More Extreme Close-up

The law of refraction as understood by Ibn SahlThe previous post showed how magnification changes with various lengths of extension tube, using a simple inexpensive fixed focal lens. Today, I want to show how changing other factors can affect your pictures, and for this I'm going to use a much more expensive lens, a 70-200mm telephoto lens.

Here's the maximum magnification we got yesterday with the 50mm lens:

50mm lens with 90mm of tube

Here is the best magnification we can get with the 70-200mm lens without tubes:

200mm focal length, without tube

Now, all photos from now on are with 90mm of tube behind the lens. It's kind of a monster really:

The Monster

With a 200mm focal length and the tubes, here is the closest focus you can get:

70mm with 90mm of tube

Notice the great depth of field. The same lens at 70mm, with the tubes, gives this result:

The lens believes it's shooting at 1.2m

If you find it weird that a shorter focal gives greater magnification, you have to understand that the distance between the lens and the subject needed to be shortened between the two shots. So in effect, you'll get greater magnification for shorter focal lengths, all things being equal, as is confirmed by the 50mm shot at the start of the post.

Now we can play with the manual focus ring of the lens to see if it makes a big difference. All the above shots were made with the ring at 1.2m. The following shot is identical except that the ring is at infinity, and the distance to the subject has been modified accordingly:

As you can see, it makes little difference. The magnification is a little greater by not by much, and depth of field seems to be a little shorter.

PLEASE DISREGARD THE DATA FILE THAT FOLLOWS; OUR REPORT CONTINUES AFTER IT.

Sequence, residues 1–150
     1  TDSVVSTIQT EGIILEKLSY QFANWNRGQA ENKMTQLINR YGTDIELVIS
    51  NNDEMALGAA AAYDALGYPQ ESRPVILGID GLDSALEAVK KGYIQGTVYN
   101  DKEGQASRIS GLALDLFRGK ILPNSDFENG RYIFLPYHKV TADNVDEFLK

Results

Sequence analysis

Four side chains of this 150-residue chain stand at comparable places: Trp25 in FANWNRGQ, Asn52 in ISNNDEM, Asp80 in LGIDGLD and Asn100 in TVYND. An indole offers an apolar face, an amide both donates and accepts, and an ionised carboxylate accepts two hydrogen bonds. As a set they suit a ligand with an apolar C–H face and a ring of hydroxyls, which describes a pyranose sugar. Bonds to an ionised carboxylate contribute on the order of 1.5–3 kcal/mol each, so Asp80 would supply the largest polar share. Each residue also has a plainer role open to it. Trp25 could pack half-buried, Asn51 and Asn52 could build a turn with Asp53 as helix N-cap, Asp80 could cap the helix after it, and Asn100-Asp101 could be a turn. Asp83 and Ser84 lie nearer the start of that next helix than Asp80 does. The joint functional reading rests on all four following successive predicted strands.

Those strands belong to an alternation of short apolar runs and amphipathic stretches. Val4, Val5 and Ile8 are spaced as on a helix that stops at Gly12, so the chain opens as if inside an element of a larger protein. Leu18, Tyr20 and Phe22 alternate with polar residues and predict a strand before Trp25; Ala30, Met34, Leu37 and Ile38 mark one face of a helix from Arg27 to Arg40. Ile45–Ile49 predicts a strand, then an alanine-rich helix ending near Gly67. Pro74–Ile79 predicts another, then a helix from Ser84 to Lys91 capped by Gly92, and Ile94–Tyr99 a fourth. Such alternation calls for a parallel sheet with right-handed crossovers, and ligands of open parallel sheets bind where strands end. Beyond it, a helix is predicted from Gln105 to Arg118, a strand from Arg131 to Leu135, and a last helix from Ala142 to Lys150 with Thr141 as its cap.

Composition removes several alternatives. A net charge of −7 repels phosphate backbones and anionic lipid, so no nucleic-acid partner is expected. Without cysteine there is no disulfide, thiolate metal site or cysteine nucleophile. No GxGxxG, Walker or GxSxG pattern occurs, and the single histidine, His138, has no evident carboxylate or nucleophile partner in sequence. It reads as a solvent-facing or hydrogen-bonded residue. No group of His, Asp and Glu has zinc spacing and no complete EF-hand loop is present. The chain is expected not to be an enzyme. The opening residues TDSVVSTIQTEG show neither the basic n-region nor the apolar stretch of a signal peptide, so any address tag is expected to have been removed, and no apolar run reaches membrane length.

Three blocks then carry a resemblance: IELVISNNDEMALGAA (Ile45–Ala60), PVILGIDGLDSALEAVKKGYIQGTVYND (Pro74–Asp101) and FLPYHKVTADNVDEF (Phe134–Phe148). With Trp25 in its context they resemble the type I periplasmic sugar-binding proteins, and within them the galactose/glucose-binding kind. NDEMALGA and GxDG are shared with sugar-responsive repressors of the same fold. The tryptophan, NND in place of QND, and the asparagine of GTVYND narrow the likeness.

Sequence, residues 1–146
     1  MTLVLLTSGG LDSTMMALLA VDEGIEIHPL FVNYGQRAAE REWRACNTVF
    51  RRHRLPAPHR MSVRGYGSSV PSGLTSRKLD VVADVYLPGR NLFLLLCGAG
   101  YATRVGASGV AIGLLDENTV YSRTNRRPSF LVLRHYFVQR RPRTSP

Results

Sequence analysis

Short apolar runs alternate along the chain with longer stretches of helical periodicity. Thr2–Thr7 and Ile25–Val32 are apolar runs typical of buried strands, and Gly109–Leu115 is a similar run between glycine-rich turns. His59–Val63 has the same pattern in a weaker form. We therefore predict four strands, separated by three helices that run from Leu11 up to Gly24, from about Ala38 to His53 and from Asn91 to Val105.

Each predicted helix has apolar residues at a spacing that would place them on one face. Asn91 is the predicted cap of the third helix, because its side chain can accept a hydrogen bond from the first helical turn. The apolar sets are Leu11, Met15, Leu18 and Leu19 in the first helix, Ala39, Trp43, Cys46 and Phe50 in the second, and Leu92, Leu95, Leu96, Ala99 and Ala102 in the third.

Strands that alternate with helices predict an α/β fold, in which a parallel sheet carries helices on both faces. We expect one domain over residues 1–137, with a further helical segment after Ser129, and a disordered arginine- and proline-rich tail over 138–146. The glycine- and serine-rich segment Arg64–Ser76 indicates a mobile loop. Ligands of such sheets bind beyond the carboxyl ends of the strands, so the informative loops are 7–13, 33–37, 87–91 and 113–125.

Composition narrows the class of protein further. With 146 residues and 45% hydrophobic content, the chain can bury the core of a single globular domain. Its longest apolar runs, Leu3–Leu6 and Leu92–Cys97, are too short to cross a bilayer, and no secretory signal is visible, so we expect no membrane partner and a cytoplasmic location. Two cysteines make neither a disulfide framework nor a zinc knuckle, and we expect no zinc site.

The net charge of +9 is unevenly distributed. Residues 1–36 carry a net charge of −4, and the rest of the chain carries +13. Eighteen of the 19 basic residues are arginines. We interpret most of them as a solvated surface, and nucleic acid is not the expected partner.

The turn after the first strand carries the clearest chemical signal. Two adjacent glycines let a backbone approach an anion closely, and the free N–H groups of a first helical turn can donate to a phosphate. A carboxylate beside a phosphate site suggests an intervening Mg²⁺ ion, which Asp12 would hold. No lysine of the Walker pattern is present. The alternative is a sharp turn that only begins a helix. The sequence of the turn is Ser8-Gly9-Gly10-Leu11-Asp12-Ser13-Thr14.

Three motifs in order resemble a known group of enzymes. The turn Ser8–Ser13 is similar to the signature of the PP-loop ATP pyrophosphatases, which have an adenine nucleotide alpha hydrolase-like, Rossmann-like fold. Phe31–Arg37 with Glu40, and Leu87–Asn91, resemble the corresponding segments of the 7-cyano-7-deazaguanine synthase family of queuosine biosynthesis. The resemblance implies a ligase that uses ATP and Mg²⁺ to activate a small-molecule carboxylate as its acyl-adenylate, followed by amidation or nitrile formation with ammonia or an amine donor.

Now let's play with one setting that does make a difference: aperture. The following shot is taken at f/4 (the maximum aperture for this lens):

f/4

Now here is the exact same shot with f/32:

f/32

I really like this, because the depth of field is phenomenal when compared to the previous ones. The photo looks very natural. There is a price to this, though, as very little light is getting to the CCD, because of the very small aperture and the tubes. This is almost pinhole photography. Because of this, I had to pause for 15s to get this shot. Still, worth the result.

Using what we just learned, we can go back to the 50mm lens and try again with its minimal aperture (f/22):

50mm lens with 90mm of tube, at f/22 and 15s pause

Great magnification without the field being so thin that almost no details are in focus, like was the case with the first picture of this post.

Bottom-line: use more tube and a small focal for greater magnification, and use minimal aperture for usable depth of field. Finally, use a tripod as you're going to wait a long time for your shots.

Read more...

Extreme close-up!

Sir Isaac NewtonMacro lenses are expensive. There is a cheap alternative, though, that can transform a regular lens into a macro lens: extension tubes. Extension tubes are simply hollow tubes that you put between the lens and the body of the camera. Optically inert, they shorten the focal distance and depth of field and bump up magnification, at the price of a loss of light.

An extension tube can be hacked from any tube of the right size but the more comfortable and still affordable option is commercial tubes with electrical contacts. I bought a new set of tubes for $76 last week, in addition to the one I already owned. Having a good set of various lengths enables me to adapt to a wide variety of situations. The neat thing about having a set is that you can combine them to reach amazingly short focal lengths and magnifications:

A series of tubes

To illustrate the effect, I shot the same subject (a Lego minifig) with different lengths of tube and a fixed 50mm lens. Here are the results...

First, here is a shot without an extension tube:

Without a tube

Then, with 13mm of tube:

13mm

21mm:

21mm

25mm:

25mm

31mm:

31mm

34mm (13+21):

34mm

37mm (13+25):

37mm

44mm (13+31):

44mm

And finally, all in and diminishing returns with 90mm of tube (13+21+25+31):

90mm

In that last shot, the subject is very close to the lens.

Read more...